Posted on June 11, 2021 by Daniel Anders
The Centers for Medicare and Medicaid Services (CMS) has issued guidance for the implementation of the PAID Act. The agency also announced criteria for an additional option for the termination of Ongoing Responsibility for Medicals (ORM) in the Section 111 reporting process.
PAID Act Implementation
On June 8, 2021, CMS issued a Technical Alert on the implementation of the PAID Act. The PAID Act (See Paid Act Becomes Law) will provide Responsible Reporting Entities (RREs), namely liability insurance (including self-insurance), no-fault insurance and workers compensation plans and insurers, Medicare Part C and D enrollment information for claimants identified as Medicare beneficiaries. Starting December 11, 2021, the following information will be provided in the NGHP Section 111 Query Response File where CMS responds to a query about a claimant’s status as a Medicare beneficiary:
- Contract number
- Contract name
- Plan benefit package number
- Plan address
- Effective dates for the previous 3 years (up to 12 instances each for Part C and for Part D)
CMS also released an updated NGHP User Guide, Version 6.4, which provides the technical information for the query response file layout additions that will be required to receive this information through the query process.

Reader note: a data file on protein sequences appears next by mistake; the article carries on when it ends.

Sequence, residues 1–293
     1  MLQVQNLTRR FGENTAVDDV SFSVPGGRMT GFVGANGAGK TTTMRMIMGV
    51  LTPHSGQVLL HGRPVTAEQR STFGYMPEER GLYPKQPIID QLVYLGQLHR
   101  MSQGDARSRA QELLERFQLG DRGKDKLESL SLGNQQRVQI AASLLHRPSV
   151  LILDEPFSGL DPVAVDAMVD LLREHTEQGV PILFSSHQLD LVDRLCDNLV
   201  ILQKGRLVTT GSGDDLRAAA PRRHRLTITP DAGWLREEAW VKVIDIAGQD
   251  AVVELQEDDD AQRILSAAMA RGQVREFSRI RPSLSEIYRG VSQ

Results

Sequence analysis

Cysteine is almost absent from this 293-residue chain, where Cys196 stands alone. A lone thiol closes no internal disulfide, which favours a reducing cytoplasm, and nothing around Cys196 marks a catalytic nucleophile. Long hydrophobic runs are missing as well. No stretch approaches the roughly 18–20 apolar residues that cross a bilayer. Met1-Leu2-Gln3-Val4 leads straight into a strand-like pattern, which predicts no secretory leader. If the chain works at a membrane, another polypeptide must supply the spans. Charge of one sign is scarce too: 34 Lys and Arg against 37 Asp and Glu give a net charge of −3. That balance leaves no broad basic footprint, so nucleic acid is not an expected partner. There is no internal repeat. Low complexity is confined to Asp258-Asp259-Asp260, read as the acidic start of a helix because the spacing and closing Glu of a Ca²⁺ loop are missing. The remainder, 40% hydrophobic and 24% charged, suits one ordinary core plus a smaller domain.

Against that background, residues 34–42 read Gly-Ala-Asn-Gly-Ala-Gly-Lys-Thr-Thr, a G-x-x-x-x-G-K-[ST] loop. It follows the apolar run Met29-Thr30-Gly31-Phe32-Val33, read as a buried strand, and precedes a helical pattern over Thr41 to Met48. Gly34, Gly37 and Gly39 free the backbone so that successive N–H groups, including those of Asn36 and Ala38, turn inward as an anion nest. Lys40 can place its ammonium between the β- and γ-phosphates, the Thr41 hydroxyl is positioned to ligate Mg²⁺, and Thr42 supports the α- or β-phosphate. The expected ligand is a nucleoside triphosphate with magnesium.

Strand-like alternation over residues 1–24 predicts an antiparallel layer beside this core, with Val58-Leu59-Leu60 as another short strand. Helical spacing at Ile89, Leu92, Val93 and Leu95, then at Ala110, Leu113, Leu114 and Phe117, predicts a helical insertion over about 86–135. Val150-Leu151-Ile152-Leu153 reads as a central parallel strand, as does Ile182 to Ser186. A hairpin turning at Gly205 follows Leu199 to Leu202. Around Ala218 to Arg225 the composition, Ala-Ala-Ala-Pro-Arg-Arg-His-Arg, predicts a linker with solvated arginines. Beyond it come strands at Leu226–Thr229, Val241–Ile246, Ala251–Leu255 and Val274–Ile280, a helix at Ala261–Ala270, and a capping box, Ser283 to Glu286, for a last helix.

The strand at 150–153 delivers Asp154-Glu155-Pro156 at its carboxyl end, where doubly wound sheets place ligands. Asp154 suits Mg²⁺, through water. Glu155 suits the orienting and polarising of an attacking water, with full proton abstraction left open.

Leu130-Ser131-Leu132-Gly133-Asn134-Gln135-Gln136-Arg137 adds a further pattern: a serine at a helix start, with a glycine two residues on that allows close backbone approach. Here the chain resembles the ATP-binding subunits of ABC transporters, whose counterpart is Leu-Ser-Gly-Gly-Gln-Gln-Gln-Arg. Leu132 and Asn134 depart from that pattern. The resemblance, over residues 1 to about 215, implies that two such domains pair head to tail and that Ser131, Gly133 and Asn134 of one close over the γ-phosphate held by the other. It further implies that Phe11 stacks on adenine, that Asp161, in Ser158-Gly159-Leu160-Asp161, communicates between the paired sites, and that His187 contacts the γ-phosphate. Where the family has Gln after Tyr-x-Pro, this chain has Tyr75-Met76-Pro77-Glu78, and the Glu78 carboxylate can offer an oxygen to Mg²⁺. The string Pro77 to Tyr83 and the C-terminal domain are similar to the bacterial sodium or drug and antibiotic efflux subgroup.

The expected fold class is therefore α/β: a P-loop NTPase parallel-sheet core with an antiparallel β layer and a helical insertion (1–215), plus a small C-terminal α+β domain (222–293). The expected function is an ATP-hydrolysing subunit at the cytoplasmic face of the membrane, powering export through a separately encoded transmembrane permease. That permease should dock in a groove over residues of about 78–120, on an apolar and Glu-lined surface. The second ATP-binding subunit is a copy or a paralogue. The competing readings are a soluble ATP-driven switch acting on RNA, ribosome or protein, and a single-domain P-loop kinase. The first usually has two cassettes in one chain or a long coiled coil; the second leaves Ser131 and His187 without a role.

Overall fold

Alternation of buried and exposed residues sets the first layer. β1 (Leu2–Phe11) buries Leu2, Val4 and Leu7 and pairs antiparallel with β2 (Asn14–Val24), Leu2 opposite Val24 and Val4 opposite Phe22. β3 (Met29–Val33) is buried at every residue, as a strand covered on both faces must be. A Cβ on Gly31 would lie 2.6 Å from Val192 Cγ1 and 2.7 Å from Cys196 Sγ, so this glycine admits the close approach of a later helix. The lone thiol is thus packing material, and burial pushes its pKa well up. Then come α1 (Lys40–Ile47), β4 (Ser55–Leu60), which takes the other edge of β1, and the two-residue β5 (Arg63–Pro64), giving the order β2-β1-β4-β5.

Our Section 111 reporting team is reviewing the technical changes and will provide guidance to our reporting clients regarding system updates that need to be made before December 11, 2021, to enable receipt of the new field data. We will also participate in testing, which CMS says will be available by this coming September 13. Finally, we will attend CMS’s June 23 webinar on the PAID Act implementation and provide a summary of any relevant information.
Additional Option for ORM Termination
Besides the PAID Act, the updated Section 111 User Guide provides a new option for ORM termination. Per Section 6.3.2 of the Section 111 User Guide (Policy Guidance), once ORM is accepted on a claim it can only be terminated if certain criteria are met: